Auckland University's vice-chancellor Stuart McCutcheon says if New Zealand does not want the country's best and brightest people studying offshore, it needs to provide top-quality tertiary education.
Tertiary Education Minister Steven Joyce said universities must target international students to increase their income.
Stuart McCutcheon said the debate about New Zealand's universities needed to focus on the quality first, and the cost second.
He said the country must address its universities' decline in international rankings.
"I think that our young people should have the opportunity to go to universities of genuine international quality because today's younger generation are very aware of the rankings of universities, very aware of the quality of the universities and what we don't want are our best and brightest going overseas to study."
The University of Auckland has asked the Government to remove the restrictions on charging higher fees to address the decline in international rankings.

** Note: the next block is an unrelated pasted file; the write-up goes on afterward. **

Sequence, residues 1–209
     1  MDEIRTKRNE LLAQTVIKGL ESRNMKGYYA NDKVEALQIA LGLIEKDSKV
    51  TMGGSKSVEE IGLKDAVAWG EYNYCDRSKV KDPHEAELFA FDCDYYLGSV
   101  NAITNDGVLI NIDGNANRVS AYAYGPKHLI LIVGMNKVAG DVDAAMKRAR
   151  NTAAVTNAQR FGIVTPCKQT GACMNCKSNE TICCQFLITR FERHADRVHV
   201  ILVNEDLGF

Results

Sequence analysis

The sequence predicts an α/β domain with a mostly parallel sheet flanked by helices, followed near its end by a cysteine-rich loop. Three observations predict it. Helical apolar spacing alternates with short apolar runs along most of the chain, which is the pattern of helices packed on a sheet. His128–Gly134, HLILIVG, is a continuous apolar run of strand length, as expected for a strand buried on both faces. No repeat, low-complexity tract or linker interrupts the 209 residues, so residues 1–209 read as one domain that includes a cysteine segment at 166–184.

Universities must not increase their fees by more than 4 percent each year.
Mr Joyce told Television New Zealand's Q+A that New Zealand universities needed to bring in more money from overseas students.
"If you're comparing them with say with New South Wales or Queensland, those universities each collect about $300 million a year from international income. Auckland collects about $90 million a year.
"If you look at that, you say, well, there's no way the Government is going to pony-up for the other $210 million a year.
"Auckland does have to get a bit more focused on international income."
Professor McCutcheon said the question of funding came after the decision of whether or not New Zealand's universities should be among the best in the world. He said high quality universities have a huge benefit to society.
The president of the Union of Students' Associations said the Government must boost funding to ensure the country has world-class tertiary education.
Daniel Haines said overseas students will only come here if the institutions are of high quality, but students cannot afford to pay any higher fees and enrolment is already falling at five of New Zealand's eight universities.